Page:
The U.S. Court of Appeals for the Ninth Circuit has affirmed the U.S. District Court for the NMI’s denials of a former U.S. Army Reserve member’s motion to dismiss the indictment filed against him.
Circuit Judges Kim McLane Wardlaw and Mark J. Bennett determined that U.S. District Court for the NMI senior judge Alex R. Munson, who presided over the trial of Jordan M. Jucutan, correctly concluded that the criminal indictment against Jucutan was not barred by the five-year statute of limitations.
Wardlaw and Bennett said Munson did not err by concluding that the Wartime Suspension of Limitations Act applied to toll the five-year limitations period.
Circuit Judge Marsha S. Berzon, however, dissented. She said Munson erred in concluding that the Wartime Suspension of Limitations Act applies to the wire fraud and aggravated identity theft charge against Jucutan.
“I disagree with the majority’s conclusion that the government has provided evidence showing that the Army Reserve – Recruiting Assistance Program was “directly connected with or related to “either the Authorization for Use of Military Force Against Iraq Resolution of 2002 or the Authorization for Use of Military Force passed in response to the Sept. 11 attacks,” Berzon said.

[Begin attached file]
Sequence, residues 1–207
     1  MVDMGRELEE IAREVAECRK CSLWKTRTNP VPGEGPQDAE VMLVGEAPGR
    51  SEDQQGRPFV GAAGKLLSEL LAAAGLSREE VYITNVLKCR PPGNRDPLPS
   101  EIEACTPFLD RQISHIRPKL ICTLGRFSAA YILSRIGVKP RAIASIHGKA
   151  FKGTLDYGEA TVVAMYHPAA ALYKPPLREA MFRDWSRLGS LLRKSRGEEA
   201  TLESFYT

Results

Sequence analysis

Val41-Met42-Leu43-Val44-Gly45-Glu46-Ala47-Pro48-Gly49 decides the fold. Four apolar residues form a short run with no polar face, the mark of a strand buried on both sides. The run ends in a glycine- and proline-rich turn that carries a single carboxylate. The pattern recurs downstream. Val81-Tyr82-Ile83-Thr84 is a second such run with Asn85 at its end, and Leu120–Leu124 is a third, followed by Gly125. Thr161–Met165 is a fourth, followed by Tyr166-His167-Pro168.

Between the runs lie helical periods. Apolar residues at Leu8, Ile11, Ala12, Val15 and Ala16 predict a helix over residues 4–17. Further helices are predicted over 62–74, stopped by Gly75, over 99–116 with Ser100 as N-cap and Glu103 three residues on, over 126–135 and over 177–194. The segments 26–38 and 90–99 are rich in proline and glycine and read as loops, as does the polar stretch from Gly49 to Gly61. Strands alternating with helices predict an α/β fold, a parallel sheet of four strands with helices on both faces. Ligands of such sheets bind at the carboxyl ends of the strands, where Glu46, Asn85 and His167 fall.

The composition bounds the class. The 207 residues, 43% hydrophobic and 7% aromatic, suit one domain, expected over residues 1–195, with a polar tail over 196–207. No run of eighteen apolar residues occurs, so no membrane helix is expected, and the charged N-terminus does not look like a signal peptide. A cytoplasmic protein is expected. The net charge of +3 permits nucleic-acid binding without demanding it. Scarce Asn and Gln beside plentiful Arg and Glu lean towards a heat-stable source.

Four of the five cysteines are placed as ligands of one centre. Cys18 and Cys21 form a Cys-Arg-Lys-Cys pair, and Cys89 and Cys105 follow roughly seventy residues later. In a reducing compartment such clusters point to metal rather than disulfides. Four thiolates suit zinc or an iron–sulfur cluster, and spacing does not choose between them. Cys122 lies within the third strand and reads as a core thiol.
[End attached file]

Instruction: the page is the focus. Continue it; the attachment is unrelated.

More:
On May 26, 2016, a federal jury unanimously found Jucutan guilty of four counts of wire fraud and four counts of aggravated identity theft, in connection with a scheme to defraud the AR-RAP.
Munson sentenced Jucutan to two years and four months in prison.
Jucutan, through counsel David Banes, appealed to the Ninth Circuit.
Jucutan moved for his continued release pending his appeal. Manglona granted the motion. The U.S. government did not oppose Jucutan’s motion for release.
In affirming Munson’s ruling, Ninth Circuit judges Wardlaw and Bennett said the U.S. government demonstrated that the offenses charged were “committed in connection with the…performance…of any contract, subcontract, or purchase order which is…directly connected with or related to the authorized use of the Armed Forces,” satisfying the third prong of the Wartime Suspension of Limitations Act’s offense clause.
Wardlaw and Bennett said Munson correctly found that Document and Packaging Broker Inc., or Docupak, contracted with the Army Reserve to administer its recruiting assistance program, AR-RAP.
Wardlaw and Bennett said the Army Reserve used task orders to request funding for AR-RAP from the National Guard’s “umbrella contract” with Docupak.
Docupak invoiced the Army Reserve for reimbursement pursuant to those task orders.
The judges said the government also demonstrated that the AR-RAP was “directly connected with or related to “the United States’ use of the Armed Forces pursuant to either the Authorization for Use of Military Force Against Iraq Resolution of 2002 or the Authorization for Use of Military Force.
Through AR-RAP, the judges said, the Army Reserve hired more personnel to meet their “end-strength” goals as the global war on terror drew reservists into active operations.
Thus, the judges said, Munson correctly concluded that AR-RAP had a direct connection with or relationship to the use of the Armed Forces pursuant to the AUMF or the AUMFAI to combat international terrorism.